This is not a story about fast jets, elaborate cockpits or major life and death mid-air drama… it is the true story of a humble student pilot trying so hard to overcome a mid-air incident that he took leave of his common sense.
https://airfactsjournal.com/wp-content/uploads/2020/06/Seaplane-on-river.jpg 415 608 Phil Roth https://airfactsjournal.com/wp-content/uploads/2021/04/Air-Facts-Logo340.png Phil Roth2020-06-16 09:45:372020-06-12 12:07:42Implausible, providential, or dumb luck?
I’ve waited almost a lifetime to fess up to behaving badly. The statute of limitations has hopefully expired in sixty-six years. Specifically, in 1954 at age twenty, 165 hours total time, no IFR training and growing up on a rural Pennsylvania farm, I was living a teenage fantasy for adventure in a far-off land.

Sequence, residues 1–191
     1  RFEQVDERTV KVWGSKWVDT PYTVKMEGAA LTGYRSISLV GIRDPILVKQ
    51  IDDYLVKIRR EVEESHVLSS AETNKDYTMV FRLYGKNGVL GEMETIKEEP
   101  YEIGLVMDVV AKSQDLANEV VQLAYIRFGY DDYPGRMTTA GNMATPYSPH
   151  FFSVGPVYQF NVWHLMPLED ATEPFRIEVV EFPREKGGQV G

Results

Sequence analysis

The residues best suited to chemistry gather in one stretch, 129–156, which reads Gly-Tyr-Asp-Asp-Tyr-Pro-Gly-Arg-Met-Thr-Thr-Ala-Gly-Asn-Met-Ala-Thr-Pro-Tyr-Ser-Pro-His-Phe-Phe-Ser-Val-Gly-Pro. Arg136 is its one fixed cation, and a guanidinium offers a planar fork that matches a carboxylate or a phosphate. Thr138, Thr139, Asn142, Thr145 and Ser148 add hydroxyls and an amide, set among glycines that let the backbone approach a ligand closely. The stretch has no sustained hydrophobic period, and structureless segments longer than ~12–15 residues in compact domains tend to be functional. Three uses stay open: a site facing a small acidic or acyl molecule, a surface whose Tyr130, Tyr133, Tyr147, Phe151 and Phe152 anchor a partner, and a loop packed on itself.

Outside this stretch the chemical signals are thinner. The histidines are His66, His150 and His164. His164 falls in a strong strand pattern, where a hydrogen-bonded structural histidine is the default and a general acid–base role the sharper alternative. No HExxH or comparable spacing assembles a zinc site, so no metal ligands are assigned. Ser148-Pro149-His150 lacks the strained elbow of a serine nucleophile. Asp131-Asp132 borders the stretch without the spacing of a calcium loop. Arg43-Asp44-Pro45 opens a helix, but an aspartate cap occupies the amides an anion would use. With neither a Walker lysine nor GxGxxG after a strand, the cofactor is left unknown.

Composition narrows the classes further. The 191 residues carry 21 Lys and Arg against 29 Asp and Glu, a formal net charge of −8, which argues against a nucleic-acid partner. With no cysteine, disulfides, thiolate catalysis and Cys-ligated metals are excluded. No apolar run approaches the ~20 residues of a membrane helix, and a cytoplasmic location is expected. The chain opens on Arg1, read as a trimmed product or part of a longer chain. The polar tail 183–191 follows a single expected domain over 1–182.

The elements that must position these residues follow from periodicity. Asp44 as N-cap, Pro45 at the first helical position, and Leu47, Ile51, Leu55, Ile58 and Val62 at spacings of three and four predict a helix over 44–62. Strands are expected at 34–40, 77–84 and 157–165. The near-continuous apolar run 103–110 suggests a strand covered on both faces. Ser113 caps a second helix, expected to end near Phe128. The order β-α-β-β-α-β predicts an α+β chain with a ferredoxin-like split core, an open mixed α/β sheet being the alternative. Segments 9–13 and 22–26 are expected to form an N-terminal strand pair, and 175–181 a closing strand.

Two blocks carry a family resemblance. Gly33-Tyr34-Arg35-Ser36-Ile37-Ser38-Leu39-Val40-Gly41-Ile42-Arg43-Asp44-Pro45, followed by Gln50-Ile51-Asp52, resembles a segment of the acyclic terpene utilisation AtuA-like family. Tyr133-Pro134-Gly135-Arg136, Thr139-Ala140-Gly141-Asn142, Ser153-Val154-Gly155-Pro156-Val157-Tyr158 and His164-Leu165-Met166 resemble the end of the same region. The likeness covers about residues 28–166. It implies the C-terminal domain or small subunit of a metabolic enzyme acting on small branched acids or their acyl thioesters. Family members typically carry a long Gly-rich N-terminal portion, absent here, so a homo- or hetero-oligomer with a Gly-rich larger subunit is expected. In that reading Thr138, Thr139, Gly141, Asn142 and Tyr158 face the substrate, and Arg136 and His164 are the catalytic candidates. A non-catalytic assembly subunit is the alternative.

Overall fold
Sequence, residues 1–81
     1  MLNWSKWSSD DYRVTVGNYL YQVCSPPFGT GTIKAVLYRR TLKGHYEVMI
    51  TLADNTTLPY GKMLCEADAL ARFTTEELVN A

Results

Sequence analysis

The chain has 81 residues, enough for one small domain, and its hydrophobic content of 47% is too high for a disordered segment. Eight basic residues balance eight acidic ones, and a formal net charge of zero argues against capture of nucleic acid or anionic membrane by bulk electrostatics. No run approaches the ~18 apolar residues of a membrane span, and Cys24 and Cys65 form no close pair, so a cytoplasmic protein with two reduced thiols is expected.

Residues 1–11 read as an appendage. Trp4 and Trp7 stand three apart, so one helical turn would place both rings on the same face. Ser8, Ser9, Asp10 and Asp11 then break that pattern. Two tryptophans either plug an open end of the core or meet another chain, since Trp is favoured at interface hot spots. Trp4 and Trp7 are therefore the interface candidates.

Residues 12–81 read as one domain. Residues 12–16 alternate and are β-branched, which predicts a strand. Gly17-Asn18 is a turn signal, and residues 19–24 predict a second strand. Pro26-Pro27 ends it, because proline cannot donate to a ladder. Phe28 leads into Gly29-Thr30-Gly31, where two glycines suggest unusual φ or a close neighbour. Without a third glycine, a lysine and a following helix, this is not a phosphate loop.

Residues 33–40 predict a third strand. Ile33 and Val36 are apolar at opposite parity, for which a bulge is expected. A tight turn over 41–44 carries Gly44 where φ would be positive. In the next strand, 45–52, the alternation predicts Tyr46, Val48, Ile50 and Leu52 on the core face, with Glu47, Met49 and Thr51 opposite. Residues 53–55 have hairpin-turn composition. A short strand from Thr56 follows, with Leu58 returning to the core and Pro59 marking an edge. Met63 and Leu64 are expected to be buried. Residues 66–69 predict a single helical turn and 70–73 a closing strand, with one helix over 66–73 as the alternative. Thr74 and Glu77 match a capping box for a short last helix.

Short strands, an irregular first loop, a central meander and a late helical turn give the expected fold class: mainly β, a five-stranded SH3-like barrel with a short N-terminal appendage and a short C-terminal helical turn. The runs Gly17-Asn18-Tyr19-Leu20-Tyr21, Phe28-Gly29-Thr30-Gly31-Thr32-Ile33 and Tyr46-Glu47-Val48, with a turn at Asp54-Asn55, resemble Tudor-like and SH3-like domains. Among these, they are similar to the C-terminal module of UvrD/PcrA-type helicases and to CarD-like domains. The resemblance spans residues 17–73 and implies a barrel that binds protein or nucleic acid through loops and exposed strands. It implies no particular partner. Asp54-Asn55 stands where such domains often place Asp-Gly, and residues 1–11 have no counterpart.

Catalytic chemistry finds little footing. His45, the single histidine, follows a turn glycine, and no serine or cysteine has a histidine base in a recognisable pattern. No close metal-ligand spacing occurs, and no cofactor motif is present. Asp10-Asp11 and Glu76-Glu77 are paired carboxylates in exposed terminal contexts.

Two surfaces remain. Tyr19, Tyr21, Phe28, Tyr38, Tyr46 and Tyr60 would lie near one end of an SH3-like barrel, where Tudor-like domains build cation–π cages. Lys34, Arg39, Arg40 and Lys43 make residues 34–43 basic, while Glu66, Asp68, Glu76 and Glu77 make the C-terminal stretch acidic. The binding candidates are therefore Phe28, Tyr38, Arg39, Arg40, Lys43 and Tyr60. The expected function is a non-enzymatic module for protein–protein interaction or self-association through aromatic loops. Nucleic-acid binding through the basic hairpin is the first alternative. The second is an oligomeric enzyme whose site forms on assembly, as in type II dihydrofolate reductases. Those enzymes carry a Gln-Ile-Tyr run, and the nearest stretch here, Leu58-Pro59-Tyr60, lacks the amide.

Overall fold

https://airfactsjournal.com/wp-content/uploads/2019/01/chicago-sunset.jpg 450 600 Jay Wischkaemper https://airfactsjournal.com/wp-content/uploads/2021/04/Air-Facts-Logo340.png Jay Wischkaemper2020-06-03 09:25:422020-05-28 14:45:56Why is it so dark? An important lesson learned
About an hour into that leg, I noticed something disconcerting. It was getting dark, and it was only 7:30. All my questions about why this was happening didn’t stop it from happening, and by 8:00 PM, it was totally dark. It had never dawned on me that I lived on the western side of the central time zone, and that on the eastern side of that time zone, things were quite a bit different.